Go, challenge yourself to find a subject that's really close to your heart-that means something to you. Make it special, make it count, make it personal. You know you can do it, so what are you waiting for? The puppies, kittens, sunsets, flowers, and church tops will always be there-now go find yourself out in that mess-that's where the real fun begins. If you don't grow as a photographer, if you don't get past the obvious subjects, you'll never cover new ground, you'll never be a true "artist" just a technician, you'll never really see if you've got the right stuff. You want to prove to the world that you've got the "right stuff" (whatever that is) right? Don't you? So, go and do it. Seize that bull by the horns, put away those sunsets, flowers, puppies, kittens, etc. and go make something unique, something different, something you.

Heck, even if you fail, you've always got the drawer full of sunsets to fall back on, right?

Until next time...

Monday, June 08, 2009

The Story of the Sandwich


Bird in the Bush, originally uploaded by carolsLittleWorld.

After posting on Saturday about the Austin Art Space Gallery, I realized that I forgot to explain about the sandwich.

A few weeks ago, Scriber's Web and I both received a call for entries about an upcoming show. The show was going to be called "What Texas Means to Me" and it was exploring the artist's impressions of any aspect of Texas, past, present, or future. The juror was announced-it was Jerry Seagle, an artist with strong Texas ties whose works have been featured in articles and books on experimental painting and who has over 200 solo-exhibits to his name. Since the juror was reputable and the Gallery was a bit new, we thought we would go over and check it out when we dropped off our entries.

As it turns out, the Gallery is in a tiny addition to the back of a local mall, not the greatest of places to have a gallery, but it's a big space that features a lot of paintings. It's a little ways from work, and we had both missed the mail-in deadline, so we decided, since it was a Wednesday, we would drive over and just drop off the work. We got there and nobody was in, but there was a sign on the door that said, "Hand Delivered work can be dropped off on Friday."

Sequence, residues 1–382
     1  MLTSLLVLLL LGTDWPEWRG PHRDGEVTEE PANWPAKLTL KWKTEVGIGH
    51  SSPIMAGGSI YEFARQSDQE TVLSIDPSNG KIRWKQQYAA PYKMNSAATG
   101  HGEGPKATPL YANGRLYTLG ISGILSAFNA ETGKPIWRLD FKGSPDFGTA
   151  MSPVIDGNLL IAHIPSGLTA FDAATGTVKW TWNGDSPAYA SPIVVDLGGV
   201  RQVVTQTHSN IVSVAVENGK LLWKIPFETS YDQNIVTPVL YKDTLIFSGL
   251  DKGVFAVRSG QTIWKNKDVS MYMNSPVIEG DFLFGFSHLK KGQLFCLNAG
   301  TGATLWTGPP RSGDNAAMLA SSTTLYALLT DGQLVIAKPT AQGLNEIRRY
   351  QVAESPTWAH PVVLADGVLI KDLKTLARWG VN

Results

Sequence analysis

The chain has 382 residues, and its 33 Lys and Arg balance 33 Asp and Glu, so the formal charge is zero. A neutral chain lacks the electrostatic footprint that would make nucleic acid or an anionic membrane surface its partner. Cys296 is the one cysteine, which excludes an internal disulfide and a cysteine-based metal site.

Great, we thought. Friday's always a busy day and there always seems to be no shortage of people who want to go out to lunch on Friday so we were both a little upset that we would have to sort of 'blow off' a Friday and go there again.

Well, Friday rolled around and neither one of us really wanted to go there but we somehow managed to drag ourselves out that way. The artist at the Gallery was really nice, and we did get to walk around inside to check out the work. There were some collage and mixed media pieces as well as some nice abstract paintings and actually some really nice work. It's a working studio as well as a gallery, and so there are a lot of artist's stations and we enjoyed poking around a bit.

On the way back, I told Scriber that I knew of a sandwich shop near there. "Blimpie," I told her it was called, "they are quick and clean so that we can get back pretty fast." Neither one of us was looking forward to eating a sandwich, but we were out, had to have something quick, and so we decided to go there. Blimpie was located in a strip mall, not too far from the Gallery and, as it turns out, this is the same strip mall that was the scene of the horrible yogurt shop murders back in 1991.

Turns out Blimpie had gone out and a new sandwich place had gone in. We were both a bit disappointed, since Blimpie had some good sandwiches, but decided to try this new place. Called Jimmy John's, we we're overly impressed, but it looked clean and so we went in. They were really quick with our "to go" orders, which was a blessing, and so we grabbed lunch and headed back to work.

A few minutes later, we're back and work, and I get this instant message from Scriber. "I don't even like sandwiches," she said, "and this is very good." It was a really really good sandwich. In fact, I'd have to say, as I told her then, that, "I shall now we addressed as Misses Jimmy John's because my sandwich was so good I'm going to hunt that man down and marry him or, at the very least, chain him up in my kitchen and get another good meal or two out of him."